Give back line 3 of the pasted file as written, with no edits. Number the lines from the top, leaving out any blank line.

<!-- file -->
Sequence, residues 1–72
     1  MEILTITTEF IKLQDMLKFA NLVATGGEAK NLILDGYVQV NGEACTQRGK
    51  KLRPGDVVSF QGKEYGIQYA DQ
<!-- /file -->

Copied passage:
    51  KLRPGDVVSF QGKEYGIQYA DQ